Forgot your password?

Film Review: The Book Thief

By 0 1

The film The Book Thief is based on a 2005 young adult novel of the same name by Australian writer Markus Zuzak. The story was adapted for film by Michael Petroni and was directed by Brian Percival. Music for this film was by John Williams.

The story is narrated by Death (with the voice of Roger Allam) and starts in a train, in the late 1930s in a politically unstable Europe. Liesel (played by Sophie Nélisse) and her mother and brother are travelling to meet the people who have arranged a foster family for Liesel and her brother. Liesel’s brother Werner is about 3 years old and is sitting on her mother’s lap while their mother sings him a lullaby, and Liesel suddenly calls out in horror – the little boy has died in his mother’s arms. He is buried beside the train tracks, and when the funeral is finished, the gravedigger turns away and drops a book. Liesel picks up the book, slips it under her coat and thus becomes the book thief of the title.

She arrives at her foster parents’ home in a rather forbidding-looking town, where her foster mother Rosa (played the excellent Emily Watson) seems harsh but is later revealed to have a heart of gold, but her foster father Hans (played by the brilliant Geoffrey Rush) is kind from the start. The next morning, the boy Rudy (played by young German actor Nico Liersch) who lives next door, calls for Liesel to bring her to school, where we discover that Liesel cannot read. We also meet the local bully Franz Deutscher who goads Liesel into a fight – and is very surprised when Liesel does not back down and lands a few good punches. Later that evening, Liesel’s foster father Hans comes to talk to her, and sees her holding the book she stole from her brother’s grave, asks to see it, and tells her it’s a gravedigger’s manual. Hans starts teaching Liesel to read with this book, and later he starts using the walls of his cellar for her to write up the new words she learns.

As her foster parents are very poor and Hans’ work is sporadic at best – he is a sign-writer and housepainter – Rosa takes in washing for richer people, including the town Mayor, in German the Bürgermeister. Liesel is tasked with returning clean laundry to the Mayor’s house, and she meets the Mayor’s wife, who brings her to the house library, which is enormous and full of books, all the way up to the ceiling, and invites her to read there whenever she likes. Eventually the Mayor himself realises what is going on and forbids Liesel from reading in his house, so Liesel decides to break into the house by climbing through the library window (presumably left open by the Mayor’s wife) and borrowing books to read.

In the meantime, a young Jewish man comes to their house for shelter. At the time, it was highly illegal to shelter or indeed provide any form of help to Jews in World War II Germany, so the fugitive, whose name is Max, lives in hiding in their cellar, where Liesel reads to him from the books she has ‘borrowed’ from the Mayor’s library. As it is very cold in the cellar Max becomes seriously ill, and there is a nail-biting moment when a local member of the SS comes to the door to see the cellar, and there is a very real risk of Max being discovered and Liesel and her parents getting into serious trouble, but through Hans’ quick thinking Max remains safe. It turns out that the SS are checking cellars to see if they can be used as air-raid shelters.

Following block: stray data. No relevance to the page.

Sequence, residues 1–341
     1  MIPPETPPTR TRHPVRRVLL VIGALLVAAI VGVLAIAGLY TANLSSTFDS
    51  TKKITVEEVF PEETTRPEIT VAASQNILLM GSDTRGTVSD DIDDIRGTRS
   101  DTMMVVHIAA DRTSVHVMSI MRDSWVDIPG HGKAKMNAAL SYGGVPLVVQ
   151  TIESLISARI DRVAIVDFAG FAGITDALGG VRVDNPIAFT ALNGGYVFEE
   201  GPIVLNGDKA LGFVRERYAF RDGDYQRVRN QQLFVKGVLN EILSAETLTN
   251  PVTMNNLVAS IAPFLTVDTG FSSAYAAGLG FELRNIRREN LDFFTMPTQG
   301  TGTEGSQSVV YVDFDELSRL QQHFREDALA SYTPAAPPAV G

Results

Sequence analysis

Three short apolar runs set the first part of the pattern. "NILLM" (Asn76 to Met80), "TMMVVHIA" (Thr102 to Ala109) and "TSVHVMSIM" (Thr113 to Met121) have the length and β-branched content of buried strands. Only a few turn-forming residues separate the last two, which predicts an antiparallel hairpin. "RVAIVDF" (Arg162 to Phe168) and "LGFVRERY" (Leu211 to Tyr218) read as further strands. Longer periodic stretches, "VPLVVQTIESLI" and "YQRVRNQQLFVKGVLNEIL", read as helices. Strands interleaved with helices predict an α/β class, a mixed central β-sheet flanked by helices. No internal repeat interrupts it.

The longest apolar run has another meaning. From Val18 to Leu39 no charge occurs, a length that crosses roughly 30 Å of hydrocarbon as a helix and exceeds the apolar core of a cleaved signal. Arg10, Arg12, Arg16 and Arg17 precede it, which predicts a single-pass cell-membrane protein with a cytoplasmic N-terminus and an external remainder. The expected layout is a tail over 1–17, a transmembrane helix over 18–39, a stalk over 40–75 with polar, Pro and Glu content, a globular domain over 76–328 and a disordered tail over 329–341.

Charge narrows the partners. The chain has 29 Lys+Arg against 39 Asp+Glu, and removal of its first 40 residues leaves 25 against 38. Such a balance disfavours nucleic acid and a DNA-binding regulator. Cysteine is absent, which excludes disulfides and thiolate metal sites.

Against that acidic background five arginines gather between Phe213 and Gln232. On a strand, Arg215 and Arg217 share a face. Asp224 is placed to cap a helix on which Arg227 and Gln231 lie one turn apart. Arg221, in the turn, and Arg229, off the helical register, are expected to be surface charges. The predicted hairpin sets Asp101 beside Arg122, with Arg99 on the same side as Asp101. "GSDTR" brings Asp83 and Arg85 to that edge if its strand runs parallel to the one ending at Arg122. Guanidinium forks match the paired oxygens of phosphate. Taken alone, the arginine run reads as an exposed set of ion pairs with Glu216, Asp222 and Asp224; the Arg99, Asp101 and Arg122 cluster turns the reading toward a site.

Hans would distract the other people in the shelter by playing music on his accordion. Rudy’s father is conscripted, and later Hans is also called up, and during the next air-raid Liesel realises just how important his music was to the people sheltering there, so she starts to tell fantastic stories to try and distract them from their fear of the bombs pounding their town. Hans but does not stay away for very long, as he is injured and no longer fit for service, so returns home. Max the fugitive has left, and during a march of Nazi prisoners through the town Liesel thinks she sees him and puts herself and her family in grave danger by calling out to him and running among the prisoners to try to find him. Liesel still reads in the cellar, but with no Max to talk to, tends to fall asleep there, and so is sleeping in the cellar when an air-raid hits the town without any warning, causing many people to die, including her foster parents Hans and Rosa, as well as Rudy’s family next door. Rudy himself is rescued from the rubble but dies shortly after. The Mayor and his wife drive to the street, and Liesel runs to the Mayor’s wife, as she is the only person still living who Liesel knows, her own mother is far away and has not been in contact, and her foster parents and neighbours are dead.

The film skips over the next two years, to after the war, and Rudy’s father has returned and has resumed his tailoring business, and Liesel works there. The door opens and a young man enters, it is Max, who Liesel’s foster parents hid in their cellar at great risk. Liesel is very happy to see him.

The final scene is in an apartment high over the city of New York, with lots of photographs and a lovely display case housing Hans’ accordion, during which Death tells us that Liesel lived to be 90 years old and was a successful writer, and became a mother and grandmother.




Oct 10, 2016 11:28am
Add a new comment - No HTML
You must be logged in and verified to post a comment. Please log in or sign up to comment.

Explore InfoBarrel

Auto Business & Money Entertainment Environment Health History Home & Garden InfoBarrel University Lifestyle Sports Technology Travel & Places
© Copyright 2008 - 2016 by Hinzie Media Inc. Terms of Service Privacy Policy XML Sitemap

Follow IB Entertainment